How Not to Be Crushed When Competing at High Altitude
I grew up at 7000 ft. altitude in New Mexico, spent my early adult life living in Utah where I trained and played in elevations above 8000 ft. regularly, but I now live in Oregon at 3000 ft. and am learning the unique pain and challenges of racing in high altitudes when I live and train at low altitude. This summer I have three races in high altitudes: the Chile Challenge Pro XC at Angel Fire NM, National Championships at Mammoth CA, and the BreckEpic at Breckenridge CO. This schedule has given me the opportunity to be my own “guinea pig” of how to prepare for this added challenge.
For us lowlanders, a trip to the Rockies is a humbling experience. A hill I would normally warm up on has me gasping for air, two hours into a casual paced ride will have my legs burning, my après ride festivities are reduced to sleeping, and the next morning I don’t feel as fresh to pedal as I expect. Altitude! So what is going on? The atmospheric pressure is less at high altitude making less oxygen available in each breath of air you inspire. Oxygen is captured in the lungs, transported by hemoglobin in blood, and delivered to muscles so they can fire. Respiration and heart rate must increase at altitude to get the same amount of oxygen to muscles from what is needed at lower altitude. If you live or regularly train at elevation your body will physiologically adapt to transport more oxygen.
When I get to high altitude my body:
- Reduces the plasma (liquid) in my blood, thus increasing the concentration of oxygen carrying hemoglobin being pumped through the circulatory system, but making my blood thick.
- It takes more oomph for my heart to pump my thickened blood, so my heart rate increases.
- To get more oxygen to my lungs, my respiration rate increases.
- Muscles lose their ability to use fatty acids for fuel and rely primarily on glycogen.
If I can stay at high altitude for 3-4 weeks my body:
- Will increased the amount of red blood cells and hemoglobin allowing plasma levels return to normal and my blood is no longer sludge.
- Resting respiration and heart rate decrease to my pre-high altitude zone.
- Mitochondria (muscle cell’s power producers) increase in size and number so fueling during exercise returns to a predominance on fatty acid consumption instead of glycogen.
- Increases erythropoietin hormone (EPO) to increase red blood cell and hemoglobin production.
In a world where I don’t have a job and have unlimited funds, I would travel to my high altitude race destinations a month before the race, but until I am rich and famous I have to be smart about how I prepare and interact with altitude. There is a lot of conflicting research about when the negative effects of altitude are the most intense for athletes but it is general agreed that immediately upon arrival at altitude your body starts to respond by increasing respiration, increasing resting heart rate, and decreasing blood plasma.
I decide to arrive at altitude under 24 hours before my race:
- The physiological effects will have had the least time to exert their negative influence on my body: my blood is not complete sludge, I still have untapped glycogen stores, and if my sleep is poor due to my racing heart I’ve only had one meager night of sleep instead of several.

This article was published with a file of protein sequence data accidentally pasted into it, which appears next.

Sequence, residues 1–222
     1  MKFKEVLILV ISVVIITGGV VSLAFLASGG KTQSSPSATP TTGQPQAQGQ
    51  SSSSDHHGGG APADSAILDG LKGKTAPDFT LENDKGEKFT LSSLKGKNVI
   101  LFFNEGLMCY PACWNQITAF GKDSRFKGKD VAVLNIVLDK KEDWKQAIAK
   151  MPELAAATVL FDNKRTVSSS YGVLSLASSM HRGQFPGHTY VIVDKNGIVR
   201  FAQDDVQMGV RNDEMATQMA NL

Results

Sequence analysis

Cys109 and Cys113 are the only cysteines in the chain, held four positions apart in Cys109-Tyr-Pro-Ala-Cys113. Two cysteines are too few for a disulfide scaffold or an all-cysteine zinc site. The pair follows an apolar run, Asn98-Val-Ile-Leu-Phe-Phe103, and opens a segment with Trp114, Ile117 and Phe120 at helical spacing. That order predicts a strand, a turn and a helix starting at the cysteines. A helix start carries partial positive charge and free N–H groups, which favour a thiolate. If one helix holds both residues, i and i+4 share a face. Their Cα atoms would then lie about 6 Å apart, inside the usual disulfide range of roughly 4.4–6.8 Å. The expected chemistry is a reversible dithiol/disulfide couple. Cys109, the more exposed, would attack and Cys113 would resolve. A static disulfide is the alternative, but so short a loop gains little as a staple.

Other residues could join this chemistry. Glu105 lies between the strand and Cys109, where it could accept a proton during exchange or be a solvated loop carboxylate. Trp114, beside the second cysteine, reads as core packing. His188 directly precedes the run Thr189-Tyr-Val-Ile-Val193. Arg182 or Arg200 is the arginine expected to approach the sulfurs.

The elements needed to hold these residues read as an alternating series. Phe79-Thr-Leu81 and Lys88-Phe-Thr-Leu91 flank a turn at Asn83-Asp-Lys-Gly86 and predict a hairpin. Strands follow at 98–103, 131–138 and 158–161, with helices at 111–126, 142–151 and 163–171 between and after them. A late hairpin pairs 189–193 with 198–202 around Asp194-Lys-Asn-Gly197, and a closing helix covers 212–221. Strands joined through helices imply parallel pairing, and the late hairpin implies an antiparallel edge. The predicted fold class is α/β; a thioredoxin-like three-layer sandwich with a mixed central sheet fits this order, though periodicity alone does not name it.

- When I pre-ride the race course and tune-up, I do so at a less intense effort (10-20% reduction) than I normally would. However following my active routine will help me acclimate better than just relaxing.
- It is easy to become dehydrated at higher altitude because I am shallowly breathing dry air more rapidly allowing fluid to be lost with my respiration. The dry air also evaporates my sweat so quickly I may not know I am loosing fluid this way too. I increase not just my water intake, but my electrolyte intake as well. Sadly, I eliminate diuretics from my diet – no caffeine or alcohol.
- Appetite is suppressed by hypoxia, my body uses more energy at rest than at low altitude, and my body poorly uses fat stores as fuel at high altitude. I shift my eating routine to frequent, carbohydrate dense meals to maintain my energy levels. I also east iron rich foods (broccoli, lean red meat like elk and kidney beans) to support my hemoglobin and anti-oxidant rich foods (berries, russet potatoes and cinnamon) to repair cellular damage caused by not enough oxygen getting to my muscles.
- Sleep! My sleep is disrupted, I am using more energy just sitting on the couch, and my body is in overtime working to adapt to oxygen depletion so I schedule naps throughout the day.
I may be at a disadvantage racing at altitude compared to my competitors who live or train at high elevations, but having a plan based on physiological effects to manage the impacts gives me an edge over those who do not prepare. For me, knowing what to expect from my body at altitude gives me confidence to race well. I will rely on a slightly less intense effort while focusing on consistency; I will be the tortoise not the hair during the race. If mid-race I have to put in a sprint effort I will quickly replace the glycogen used by eating a gel. After all, very few competitors live at high elevations and all of us are suffering with reduced oxygen. So, how is my strategy working for me? Stay tuned and I’ll break down what worked, what didn’t, how I changed my plan of attack at Angel Fire to Mammoth and what I’ll be doing to get ready for six days of racing above 9000 ft. at the BreckEpic in August.
Coach Emma Maarenan has been competing at the top levels of mountain bike cross country for the past several years in addition to teaching corrective exercise. She enjoys working with athletes of all levels on the mountain bike in a variety of events.
This article was originally published on Emma Maaranen’s race blog.